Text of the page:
Davies stressed that the infringement was reflective of a previous era in Sasol, but did not reflect on its contemporary policies and values. Sasol, he added, had always tried to learn from some of the "tough knocks" it had taken over the years and that this case would be no exception.
Edited by: Mariaan Webb© Reuse this Comment Guidelines
Recent Research Reports
Automotive 2014: A review of South Africa's automotive sector (PDF Report)
The report provides insight into the business environment, the key participants in the sector, local construction demand, geographic diversification, competition within the sector, corporate activity, skills, safety, environmental considerations and the challenges...
Construction 2014: A review of South Africa's construction sector (PDF Report)
Construction data released during 2013 hints at a halt to the decline in the industry during the last few years, with some commentators averring that the industry could be poised for recovery. However, others have urged caution, noting that the prospects for a...
Electricity 2014: A Review of South Africa's Electricity Sector (PDF Report)
This report provides an overview of the state of electricity generation and transmission in South Africa and examines electricity planning, investment in generation capacity, electricity tariffs, the role of independent power producers and demand-focused initiatives,...
Defence 2013: A review of South Africa's defence industry (PDF Report)
Creamer Media’s 2013 Defence Report examines South Africa’s defence industry, with particular focus on the key players in the sector, the innovations that have come out of the defence sector, local and export demand, South Africa’s controversial...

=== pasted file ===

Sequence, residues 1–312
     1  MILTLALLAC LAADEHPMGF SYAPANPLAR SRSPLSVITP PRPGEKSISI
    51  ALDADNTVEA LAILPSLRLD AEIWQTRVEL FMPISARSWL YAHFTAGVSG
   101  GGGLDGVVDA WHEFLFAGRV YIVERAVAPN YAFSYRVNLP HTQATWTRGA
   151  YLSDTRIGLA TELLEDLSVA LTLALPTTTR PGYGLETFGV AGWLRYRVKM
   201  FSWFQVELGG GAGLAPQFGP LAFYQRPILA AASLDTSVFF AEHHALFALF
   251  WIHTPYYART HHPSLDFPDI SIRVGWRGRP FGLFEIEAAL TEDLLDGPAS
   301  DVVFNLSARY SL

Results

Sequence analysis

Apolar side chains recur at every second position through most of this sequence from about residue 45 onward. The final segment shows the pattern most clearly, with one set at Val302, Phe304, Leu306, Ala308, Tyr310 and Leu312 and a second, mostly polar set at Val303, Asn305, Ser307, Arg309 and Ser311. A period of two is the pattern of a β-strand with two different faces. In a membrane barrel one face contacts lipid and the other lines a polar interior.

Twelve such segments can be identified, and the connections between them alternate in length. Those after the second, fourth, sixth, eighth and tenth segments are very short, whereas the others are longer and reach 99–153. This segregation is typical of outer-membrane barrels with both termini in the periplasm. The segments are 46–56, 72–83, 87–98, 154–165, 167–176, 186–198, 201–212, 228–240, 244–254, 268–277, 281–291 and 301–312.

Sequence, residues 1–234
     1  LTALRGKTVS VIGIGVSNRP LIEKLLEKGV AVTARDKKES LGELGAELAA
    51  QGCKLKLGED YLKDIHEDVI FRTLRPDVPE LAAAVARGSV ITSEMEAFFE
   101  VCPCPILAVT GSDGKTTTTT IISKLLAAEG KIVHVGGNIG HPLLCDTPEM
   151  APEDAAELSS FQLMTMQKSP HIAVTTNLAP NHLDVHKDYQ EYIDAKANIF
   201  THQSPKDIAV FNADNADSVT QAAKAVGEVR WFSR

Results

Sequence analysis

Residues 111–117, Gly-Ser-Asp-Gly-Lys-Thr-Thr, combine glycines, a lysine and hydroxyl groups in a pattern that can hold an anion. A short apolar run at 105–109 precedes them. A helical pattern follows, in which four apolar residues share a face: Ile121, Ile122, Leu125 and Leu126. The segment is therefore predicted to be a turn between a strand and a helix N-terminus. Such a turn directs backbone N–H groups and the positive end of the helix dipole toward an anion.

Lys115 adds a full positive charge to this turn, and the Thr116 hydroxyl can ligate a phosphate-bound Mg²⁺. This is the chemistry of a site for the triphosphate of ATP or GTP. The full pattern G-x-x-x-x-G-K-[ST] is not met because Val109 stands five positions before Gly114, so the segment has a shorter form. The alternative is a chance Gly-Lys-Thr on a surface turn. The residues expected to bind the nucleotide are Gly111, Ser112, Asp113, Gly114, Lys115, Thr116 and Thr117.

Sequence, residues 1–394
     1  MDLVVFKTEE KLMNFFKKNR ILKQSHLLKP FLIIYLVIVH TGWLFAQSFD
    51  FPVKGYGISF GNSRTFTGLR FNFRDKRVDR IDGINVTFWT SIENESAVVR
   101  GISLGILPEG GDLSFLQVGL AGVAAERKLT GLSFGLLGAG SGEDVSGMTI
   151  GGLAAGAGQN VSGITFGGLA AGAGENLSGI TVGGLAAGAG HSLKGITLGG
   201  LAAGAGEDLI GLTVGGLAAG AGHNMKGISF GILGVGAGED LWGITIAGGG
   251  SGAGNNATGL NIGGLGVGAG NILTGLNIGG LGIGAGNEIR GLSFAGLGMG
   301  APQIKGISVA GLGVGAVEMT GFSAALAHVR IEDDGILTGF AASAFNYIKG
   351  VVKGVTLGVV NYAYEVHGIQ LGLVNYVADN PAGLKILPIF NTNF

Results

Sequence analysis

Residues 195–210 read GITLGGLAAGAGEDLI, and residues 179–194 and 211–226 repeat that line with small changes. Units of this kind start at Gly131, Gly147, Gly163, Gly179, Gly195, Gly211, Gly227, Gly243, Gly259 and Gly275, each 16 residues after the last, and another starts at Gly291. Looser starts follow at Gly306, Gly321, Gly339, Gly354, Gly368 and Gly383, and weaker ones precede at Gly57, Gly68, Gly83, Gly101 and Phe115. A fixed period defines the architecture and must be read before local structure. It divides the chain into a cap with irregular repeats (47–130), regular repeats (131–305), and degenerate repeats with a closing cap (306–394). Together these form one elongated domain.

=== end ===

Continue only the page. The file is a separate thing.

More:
Road and Rail 2013: A review of South Africa's road and rail infrastructure (PDF Report)
Creamer Media’s Road and Rail 2013 Report examines South Africa’s road and rail transport system, with particular focus on the size and state of the country’s road and rail network, the funding and maintenance of these respective networks, and the push to move...
Liquid Fuels 2013 (PDF Report)
Creamer Media’s 2013 Liquid Fuels report examines South Africa’s liquid fuels market, focusing on the business environment, oil and gas exploration, the country’s feedstock supplies, the development of South Africa’s biofuels industry, fuel pricing,...
This Week's Magazine
This month’s report includes details of junior miner Papillon Resources’ mining permit for its flagship Fekola gold project, in Mali; the Waterberg Coal Company’s feasibility on the development of an opencast mine, in Limpopo, to produce ten-million tonnes a...
A structured approach, wherein managers personally engage at each level of the project, is necessary to mitigate delays to the workflow on mega construction projects, says State-owned Eskom Kusile power station projects GM Abram Masango. The 4 800 MW Kusile power...
Construction of transmission lines to evacuate power from a regional hydroelectric project in East Africa, which was hanging on the balance following the withdrawal of financing by key partners, is now back on track. After six months of uncertainty, the African...
Three Memorandums of Understanding (MoUs) were signed between South African and Malaysian companies at the Malaysian High Commission in Pretoria on Friday. These MoUs are part of the indirect offsets programme South Africa is providing in return for Malaysia’s...
The South African new vehicle market may well dip to 640 000 units in 2014, says Toyota South Africa Motors (TSAM) sales and marketing senior VP Calvyn Hamman. This is the first prediction that anticipates a drop in the market. To date economists and industry bodies...